Queensland Lake Eyre and Bulloo Freshwater Biogeographic Province
Queensland Lake Eyre and Bulloo Freshwater Biogeographic Province – Water quality
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Turbidity within the Lake Eyre and Bulloo FBP is generally high, but can be low at upland or headwater sites. At lowland sites, turbidity remains high even during the sometimes long periods between flows. Average visibility measurements (secchi disc depths) from the Lake Eyre Basin rivers show visibility to be variable between catchments and over time, although there is a slight gradient of decreasing variability and turbidity moving westwards. For more eastern rivers (e.g. Thomson and Barcoo Rivers) the average visibility depth is around 6 cm, ranging between 0.1 - 28cm. Western rivers have an average visibility depth of 4cm in the mid reaches and lower reaches have 6cm with a range of 1 - 12cm. Dispersive soil types and run-off patterns are contributing factors to turbidity in this FBP.
Light penetration of the water column or photic zone depth is shallow, reflecting the high turbidity of the system. Light is one factor governing rates of in-stream primary production because the growth of most aquatic plants is limited by light availability. Photic depth has been determined for 15 waterholes in the Cooper Creek catchment, shown below, and these results show that incident light can be measured at slightly deeper depths in this system compared with the Murray-Darling FBP.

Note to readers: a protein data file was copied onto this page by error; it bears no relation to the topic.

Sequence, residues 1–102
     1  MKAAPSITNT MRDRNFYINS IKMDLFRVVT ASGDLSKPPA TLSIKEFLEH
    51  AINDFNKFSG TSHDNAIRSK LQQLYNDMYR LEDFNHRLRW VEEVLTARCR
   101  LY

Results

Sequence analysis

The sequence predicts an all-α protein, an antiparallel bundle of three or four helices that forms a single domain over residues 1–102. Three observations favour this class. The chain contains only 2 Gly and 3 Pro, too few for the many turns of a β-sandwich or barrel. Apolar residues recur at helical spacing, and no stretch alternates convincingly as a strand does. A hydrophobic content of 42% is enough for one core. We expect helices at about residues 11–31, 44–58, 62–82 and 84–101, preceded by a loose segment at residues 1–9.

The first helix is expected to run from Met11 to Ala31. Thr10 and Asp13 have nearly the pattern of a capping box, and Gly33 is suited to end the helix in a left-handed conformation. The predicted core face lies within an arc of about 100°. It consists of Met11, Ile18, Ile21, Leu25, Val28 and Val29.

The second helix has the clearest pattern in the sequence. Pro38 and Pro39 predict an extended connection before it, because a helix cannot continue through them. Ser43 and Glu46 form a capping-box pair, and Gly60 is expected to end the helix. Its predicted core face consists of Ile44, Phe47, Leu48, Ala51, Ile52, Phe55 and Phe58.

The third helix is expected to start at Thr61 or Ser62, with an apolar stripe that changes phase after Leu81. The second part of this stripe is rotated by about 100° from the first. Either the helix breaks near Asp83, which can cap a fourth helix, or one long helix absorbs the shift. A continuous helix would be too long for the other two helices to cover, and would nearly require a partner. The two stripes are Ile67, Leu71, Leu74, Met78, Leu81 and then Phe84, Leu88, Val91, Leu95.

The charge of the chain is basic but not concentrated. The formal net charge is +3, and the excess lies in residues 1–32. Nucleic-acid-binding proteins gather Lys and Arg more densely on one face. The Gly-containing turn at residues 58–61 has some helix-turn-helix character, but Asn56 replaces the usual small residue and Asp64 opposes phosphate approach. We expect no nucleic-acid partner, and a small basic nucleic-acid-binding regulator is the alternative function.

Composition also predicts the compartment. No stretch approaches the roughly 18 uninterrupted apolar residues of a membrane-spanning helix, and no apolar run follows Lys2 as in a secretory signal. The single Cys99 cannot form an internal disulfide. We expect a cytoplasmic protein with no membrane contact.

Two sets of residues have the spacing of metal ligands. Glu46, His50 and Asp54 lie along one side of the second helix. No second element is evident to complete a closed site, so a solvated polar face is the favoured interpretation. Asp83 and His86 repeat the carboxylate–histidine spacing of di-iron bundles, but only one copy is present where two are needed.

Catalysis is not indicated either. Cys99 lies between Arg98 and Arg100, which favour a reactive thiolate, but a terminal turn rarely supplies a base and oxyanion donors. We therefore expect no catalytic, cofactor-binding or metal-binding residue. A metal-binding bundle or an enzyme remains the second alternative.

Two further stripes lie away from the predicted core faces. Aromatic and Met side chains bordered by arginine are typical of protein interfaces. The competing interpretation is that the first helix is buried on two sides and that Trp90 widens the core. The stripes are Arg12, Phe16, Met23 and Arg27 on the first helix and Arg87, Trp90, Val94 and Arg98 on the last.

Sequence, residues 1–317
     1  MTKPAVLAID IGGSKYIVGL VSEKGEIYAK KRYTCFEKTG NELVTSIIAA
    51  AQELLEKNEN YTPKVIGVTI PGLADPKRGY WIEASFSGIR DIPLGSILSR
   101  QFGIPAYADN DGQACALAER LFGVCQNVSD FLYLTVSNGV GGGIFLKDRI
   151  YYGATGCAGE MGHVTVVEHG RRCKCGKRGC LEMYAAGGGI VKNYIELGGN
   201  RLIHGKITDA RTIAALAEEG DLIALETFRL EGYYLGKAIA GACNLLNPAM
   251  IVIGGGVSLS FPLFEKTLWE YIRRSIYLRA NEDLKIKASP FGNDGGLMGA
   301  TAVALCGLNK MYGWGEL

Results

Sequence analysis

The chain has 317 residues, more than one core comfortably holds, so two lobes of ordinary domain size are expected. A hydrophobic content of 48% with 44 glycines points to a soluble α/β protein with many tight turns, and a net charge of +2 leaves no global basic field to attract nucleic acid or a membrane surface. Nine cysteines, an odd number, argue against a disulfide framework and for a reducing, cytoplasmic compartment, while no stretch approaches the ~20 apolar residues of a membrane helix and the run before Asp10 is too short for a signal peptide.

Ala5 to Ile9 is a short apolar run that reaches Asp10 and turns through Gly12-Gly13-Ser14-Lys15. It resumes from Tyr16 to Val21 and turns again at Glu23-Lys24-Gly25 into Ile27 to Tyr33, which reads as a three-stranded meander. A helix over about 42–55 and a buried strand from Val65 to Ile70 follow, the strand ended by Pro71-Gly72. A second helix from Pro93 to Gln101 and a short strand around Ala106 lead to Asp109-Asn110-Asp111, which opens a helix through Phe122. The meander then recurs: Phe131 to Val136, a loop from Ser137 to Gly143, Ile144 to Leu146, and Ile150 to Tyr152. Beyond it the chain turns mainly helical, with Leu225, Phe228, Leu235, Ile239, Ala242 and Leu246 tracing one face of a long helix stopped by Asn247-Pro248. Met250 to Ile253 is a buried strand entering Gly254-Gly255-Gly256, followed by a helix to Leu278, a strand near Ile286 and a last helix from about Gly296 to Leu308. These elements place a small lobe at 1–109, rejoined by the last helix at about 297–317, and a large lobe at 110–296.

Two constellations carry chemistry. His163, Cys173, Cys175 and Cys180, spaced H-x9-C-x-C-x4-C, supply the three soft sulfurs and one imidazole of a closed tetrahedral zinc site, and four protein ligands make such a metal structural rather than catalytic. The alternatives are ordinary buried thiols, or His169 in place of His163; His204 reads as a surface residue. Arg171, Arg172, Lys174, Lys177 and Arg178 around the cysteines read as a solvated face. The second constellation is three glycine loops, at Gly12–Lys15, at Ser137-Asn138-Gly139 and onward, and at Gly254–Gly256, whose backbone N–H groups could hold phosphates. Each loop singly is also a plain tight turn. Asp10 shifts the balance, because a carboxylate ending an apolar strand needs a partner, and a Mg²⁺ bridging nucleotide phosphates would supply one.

Arid zone streams and rivers are more metabolically active than temperate systems, with gross primary production one to two orders of magnitude greater. Rates of benthic metabolism in the Lake Eyre and Bulloo FBP have been recorded for dry season habitats and on the inundated floodplains of the Cooper Creek system. During the dry season, a prominent band of epipelic algae in the littoral zone of waterholes has been found to be highly productive. The productivity of littoral zone algae is so prolific that despite low productivity in the deeper water column due to light extinction and only a limited area of littoral zone habitat (< 10%), these waterholes have been found to be net producers of carbon. Rates of primary production associated with phytoplankton can also occasionally be high in the surface waters of these turbid systems, rates ranging from 1.5 mg C L-1 day-1 to 500 mg C L-1 day-1, have been measured during extended periods of no-flow. During inundation of the vast floodplains of the Cooper Creek system warm, slow-flowing waters transform the terrestrial landscape into a shallow ‘lake’ with productivity increasing with inundation time.
Last updated: 22 March 2013
This page should be cited as:
Department of Environment, Science and Innovation, Queensland (2013) Queensland Lake Eyre and Bulloo Freshwater Biogeographic Province – Water quality, WetlandInfo website, accessed 1 February 2024. Available at: https://wetlandinfo.des.qld.gov.au/wetlands/ecology/aquatic-ecosystems-natural/riverine/freshwater-biogeo/lake-eyre-and-bulloo/water-quality.html